HH is characterized by a total cell count of polymorphonuclear cell (PMN) < 250/μL, a total protein concentration < 2.5 g/dL, an albumin gradient (serum - pleural fluid) > 1.1 g/dL, or an albumin quotient (pleural fluid/serum) < 0.6. Further optional parameters indicating HH are protein quotient < 0.5 (pleural fluid/ serum), a LDH gradient < 0.6 (serum - pleural fluid), and similar pH value as well as glucose concentration in serum and pleural fluid.[17,18] As already mentioned above, renal, cardiac, and primary pulmonal causes of pleural transudate must been ruled out. Useful tools can be echocardiography, urine analytics, computed tomography angiography, cytological or microbiological work-up (in case of suspected malignancy or tuberculosis, respectively) or specific laboratory tests when chylothorax (triglyceride level) or pancreatitis (amylase concentration) are considered likely differential diagnoses.
Ultra-sonography and X-ray are valid diagnostic tools. Nevertheless, a computed tomography of the thorax should be performed in order to rule out mediastinal, pulmonary, or pleural malignancies. Complementary abdominal imaging including Doppler sonography of splanchnic veins is recommendable. In some cases, intraperitoneal injection of 99mTc-sulphur colloid or 99mTc-human serum albumin may be helpful and confirms the diagnosis of HH when radioisotopes migrate from the peritoneal cavity into the pleural space.[19,20]
Therapy of HH is based on the therapeutic principles of ascites treatment. Sodium restriction, diuretics, and large-volume paracentesis improve respiratory function and may sufficiently relive symptoms.[21,22] In view of higher complication rates of therapeutic thoracentesis (as compared to paracentesis), it should only be performed if symptoms persist. In order to avoid the development of re-expansion pulmonary edema, pleural puncture volume should not exceed 1.5–2 L/puncture. Substitution of 6–8 g albumin per liter may be beneficial, although no clear evidence for this practice exists. Complications of thoracentesis include pneumothorax, hemothorax, vasovagal episodes, pain at puncture site, laceration of liver or spleen, empyema and subcutaneous emphysema. [24,25]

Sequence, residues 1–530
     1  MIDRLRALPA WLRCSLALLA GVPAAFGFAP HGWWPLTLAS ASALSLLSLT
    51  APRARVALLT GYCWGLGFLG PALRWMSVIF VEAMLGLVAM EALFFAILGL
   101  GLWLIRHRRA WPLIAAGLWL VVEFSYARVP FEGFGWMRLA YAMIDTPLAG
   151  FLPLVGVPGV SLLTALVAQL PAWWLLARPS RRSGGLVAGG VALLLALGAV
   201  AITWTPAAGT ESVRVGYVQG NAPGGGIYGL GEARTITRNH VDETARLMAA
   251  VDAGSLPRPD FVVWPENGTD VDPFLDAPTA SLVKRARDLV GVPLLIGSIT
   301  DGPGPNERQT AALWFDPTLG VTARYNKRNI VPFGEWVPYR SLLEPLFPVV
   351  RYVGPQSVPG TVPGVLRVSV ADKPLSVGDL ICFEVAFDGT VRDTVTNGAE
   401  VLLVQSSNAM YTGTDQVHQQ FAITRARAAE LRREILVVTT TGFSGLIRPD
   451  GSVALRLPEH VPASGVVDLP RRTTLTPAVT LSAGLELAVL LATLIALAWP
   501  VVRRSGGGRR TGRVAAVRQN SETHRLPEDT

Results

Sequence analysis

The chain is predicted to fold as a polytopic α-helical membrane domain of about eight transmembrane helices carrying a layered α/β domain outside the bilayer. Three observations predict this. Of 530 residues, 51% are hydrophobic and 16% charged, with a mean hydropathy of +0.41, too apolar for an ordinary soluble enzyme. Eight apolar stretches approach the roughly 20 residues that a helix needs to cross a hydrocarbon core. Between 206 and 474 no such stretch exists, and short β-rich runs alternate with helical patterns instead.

A transjugular intrahepatic portosystemic shunt (TIPS) may be beneficial in cases of therapy resistant HH. Decreasing portal hypertension, this approach eliminates a major pathophysiological cause of HH. A meta-analysis of 198 patients showed complete recovery in 56% and a partial improvement in 18%. Contraindications for TIPS in HH are similar to those for other indications including severe liver dysfunction, poorly controlled hepatic encephalopathy, right-sided heart failure, pulmonary hypertension and complete portal vein thrombosis.